Have you heard the great news? Giant Panda bears have officially been removed from the endangered species list! These raccoon-cousins are large and in-charge, roaming wildly through many Chinese forests. While they’ll no longer be considered “endangered,” they are still listed on The International Union for Conservation of Nature’s Red List of Threatened Species as “vulnerable.” To help raise awareness and spread the good news of the bears’ growing population, this week’s Touch of Glass is all about pieces inspired by these cuddly creatures.
Pandas love honey, too
All these years I thought it was just Pooh Bear that loved honey, but as it turns out, pandas are pretty big fans of the sticky stuff, too.
While bamboo is the staple food of their mostly-herbivore diet, they’ve been known to scale trees to reach a sweet treat. They often share the honey with their entire embarrassment, A.K.A. group of pandas. However, this little guy looks like he might only be willing to share some sweet concentrate smoke with you.
The only thing pandas love more than eating, is sleeping. Maybe I’m a panda. They spend 10-16 hours per day roaming for food, depending on the abundance of resources. The other 14-8 hours are spent sleeping and relaxing.
A few hits from this extremely detailed bong will have you sleeping like a panda in a no time; the creators even placed a sleeping bear inside the smoke chamber. The bong offers superior airflow to allow for optimal THC intake, which leads to a more intense high.
The little glass figurines climbing around represent the cute, playful side of pandas, something younger pandas are known for.
It’s everyone’s favorite Snapchat filter come to life on an outstanding dab rig. While pandas can eat and eat and eat, they don’t often get physically sick unless something is internally wrong. However, all those munchies have to go somewhere.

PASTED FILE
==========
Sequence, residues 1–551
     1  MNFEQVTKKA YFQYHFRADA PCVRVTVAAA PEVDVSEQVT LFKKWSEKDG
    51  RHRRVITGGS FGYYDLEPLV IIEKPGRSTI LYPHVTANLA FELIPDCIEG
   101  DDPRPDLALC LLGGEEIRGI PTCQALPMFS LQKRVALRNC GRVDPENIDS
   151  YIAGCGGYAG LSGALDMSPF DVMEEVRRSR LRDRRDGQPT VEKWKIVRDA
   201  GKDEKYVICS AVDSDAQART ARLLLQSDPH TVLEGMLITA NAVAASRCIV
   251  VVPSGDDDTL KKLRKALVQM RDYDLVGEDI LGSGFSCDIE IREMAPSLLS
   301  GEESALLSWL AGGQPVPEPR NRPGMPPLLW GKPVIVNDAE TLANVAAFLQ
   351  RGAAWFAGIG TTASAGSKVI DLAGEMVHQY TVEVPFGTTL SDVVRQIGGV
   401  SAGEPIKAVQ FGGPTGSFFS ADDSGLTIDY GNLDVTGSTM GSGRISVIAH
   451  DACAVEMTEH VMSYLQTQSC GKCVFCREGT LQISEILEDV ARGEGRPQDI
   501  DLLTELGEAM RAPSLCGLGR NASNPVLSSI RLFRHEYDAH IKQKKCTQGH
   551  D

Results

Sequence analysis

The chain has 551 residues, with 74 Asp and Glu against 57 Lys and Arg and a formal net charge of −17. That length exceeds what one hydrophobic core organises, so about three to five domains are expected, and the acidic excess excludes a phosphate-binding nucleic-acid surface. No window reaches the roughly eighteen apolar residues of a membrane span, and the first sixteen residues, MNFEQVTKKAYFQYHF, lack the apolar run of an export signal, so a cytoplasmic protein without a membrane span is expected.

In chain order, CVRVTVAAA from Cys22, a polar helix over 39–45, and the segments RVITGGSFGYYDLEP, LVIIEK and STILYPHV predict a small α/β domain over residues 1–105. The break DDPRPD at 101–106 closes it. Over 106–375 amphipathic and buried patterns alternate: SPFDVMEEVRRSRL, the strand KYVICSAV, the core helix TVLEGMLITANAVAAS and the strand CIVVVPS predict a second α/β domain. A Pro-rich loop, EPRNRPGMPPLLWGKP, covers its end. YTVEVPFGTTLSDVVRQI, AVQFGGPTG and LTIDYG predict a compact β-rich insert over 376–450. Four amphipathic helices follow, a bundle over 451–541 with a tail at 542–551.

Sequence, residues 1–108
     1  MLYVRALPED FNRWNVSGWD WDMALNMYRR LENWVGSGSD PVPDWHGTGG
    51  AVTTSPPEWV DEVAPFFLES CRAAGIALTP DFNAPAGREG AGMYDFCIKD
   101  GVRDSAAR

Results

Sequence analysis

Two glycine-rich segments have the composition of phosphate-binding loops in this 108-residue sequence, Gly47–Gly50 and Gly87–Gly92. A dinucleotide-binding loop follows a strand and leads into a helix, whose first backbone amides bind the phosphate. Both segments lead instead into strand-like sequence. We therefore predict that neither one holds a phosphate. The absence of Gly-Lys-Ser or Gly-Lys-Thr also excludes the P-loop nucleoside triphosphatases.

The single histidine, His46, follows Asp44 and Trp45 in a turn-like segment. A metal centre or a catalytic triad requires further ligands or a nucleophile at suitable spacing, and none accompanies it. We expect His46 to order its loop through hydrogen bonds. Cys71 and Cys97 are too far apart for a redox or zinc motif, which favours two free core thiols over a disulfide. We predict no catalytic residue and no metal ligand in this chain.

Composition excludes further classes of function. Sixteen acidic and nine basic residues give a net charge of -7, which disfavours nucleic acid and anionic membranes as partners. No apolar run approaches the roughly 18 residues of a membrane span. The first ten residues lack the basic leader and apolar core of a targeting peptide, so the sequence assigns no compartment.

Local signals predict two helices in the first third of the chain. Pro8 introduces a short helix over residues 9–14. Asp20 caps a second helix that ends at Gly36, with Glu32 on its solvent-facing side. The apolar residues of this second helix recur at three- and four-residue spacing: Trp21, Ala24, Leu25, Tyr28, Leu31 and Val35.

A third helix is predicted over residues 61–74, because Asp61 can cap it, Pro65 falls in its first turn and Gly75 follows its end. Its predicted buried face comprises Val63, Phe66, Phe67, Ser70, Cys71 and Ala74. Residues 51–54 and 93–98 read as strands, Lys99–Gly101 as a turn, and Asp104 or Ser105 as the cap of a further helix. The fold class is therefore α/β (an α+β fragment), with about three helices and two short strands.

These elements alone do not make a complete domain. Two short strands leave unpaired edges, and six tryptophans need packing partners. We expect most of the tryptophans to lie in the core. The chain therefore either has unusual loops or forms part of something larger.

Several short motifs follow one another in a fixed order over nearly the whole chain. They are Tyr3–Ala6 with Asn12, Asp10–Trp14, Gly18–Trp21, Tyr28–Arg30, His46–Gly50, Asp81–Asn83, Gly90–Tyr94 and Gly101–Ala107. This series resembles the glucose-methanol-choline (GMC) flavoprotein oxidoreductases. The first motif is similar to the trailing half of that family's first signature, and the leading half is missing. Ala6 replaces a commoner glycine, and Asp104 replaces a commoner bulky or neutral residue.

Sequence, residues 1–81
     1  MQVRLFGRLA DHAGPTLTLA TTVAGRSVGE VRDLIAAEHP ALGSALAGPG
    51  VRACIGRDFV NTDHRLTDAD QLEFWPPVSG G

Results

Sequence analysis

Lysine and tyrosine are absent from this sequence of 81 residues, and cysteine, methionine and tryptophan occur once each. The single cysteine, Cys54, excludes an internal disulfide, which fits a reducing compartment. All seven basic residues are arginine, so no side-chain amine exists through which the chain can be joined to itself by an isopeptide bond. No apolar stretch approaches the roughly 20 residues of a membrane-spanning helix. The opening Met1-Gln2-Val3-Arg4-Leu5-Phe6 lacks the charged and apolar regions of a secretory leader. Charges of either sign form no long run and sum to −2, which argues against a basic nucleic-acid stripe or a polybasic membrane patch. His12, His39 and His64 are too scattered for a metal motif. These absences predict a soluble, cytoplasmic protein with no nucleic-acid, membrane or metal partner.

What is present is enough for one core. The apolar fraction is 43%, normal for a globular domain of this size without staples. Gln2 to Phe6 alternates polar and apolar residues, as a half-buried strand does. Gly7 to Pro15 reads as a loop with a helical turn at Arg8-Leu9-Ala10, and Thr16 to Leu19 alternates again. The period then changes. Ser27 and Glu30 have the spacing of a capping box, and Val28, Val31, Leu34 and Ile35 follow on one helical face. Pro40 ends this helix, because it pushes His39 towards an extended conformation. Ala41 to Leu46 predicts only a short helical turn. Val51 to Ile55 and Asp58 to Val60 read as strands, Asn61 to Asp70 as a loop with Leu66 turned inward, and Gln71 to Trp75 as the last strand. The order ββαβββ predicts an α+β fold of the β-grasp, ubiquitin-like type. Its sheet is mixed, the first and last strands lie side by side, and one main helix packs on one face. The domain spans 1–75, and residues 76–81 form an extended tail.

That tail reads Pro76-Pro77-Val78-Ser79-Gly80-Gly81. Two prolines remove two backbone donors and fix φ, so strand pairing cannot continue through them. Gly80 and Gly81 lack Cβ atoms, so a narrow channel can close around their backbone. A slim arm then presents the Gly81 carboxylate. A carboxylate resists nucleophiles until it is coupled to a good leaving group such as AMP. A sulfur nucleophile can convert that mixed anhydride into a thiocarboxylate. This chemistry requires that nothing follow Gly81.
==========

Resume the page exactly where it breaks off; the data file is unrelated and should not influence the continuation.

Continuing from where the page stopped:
Due to their large, high-fiber diet of bamboo, pandas poop up to 40 times per day. I think we’ll all take the multi-colored fictional panda instead, and enjoy a few rips from this crazy rig.
Long live the pandas!
These panda pipes are filled with glowing liquid, perfect for ensuring a piece is never lost in the dark. The downside to pieces like this is they often have a shorter life span than traditional, solid spoon-bowl pieces. One fatal drop and the piece could shatter, sending the white mystery-liquid everywhere.
Pandas, however, have a long lifespan. On average, pandas that roam free can live up to twenty years, dying from a variety of causes, including loss of habitat and dwindling resources, both due to deforestation.
Pandas in captivity can live upwards of thirty years, with proper care and diet. The oldest panda ever recorded in captivity was 38 years old!
The goal is for researchers to create a sustainable environment in nature, where wild pandas can also have a chance to experience these lengthened lifespans.SHARE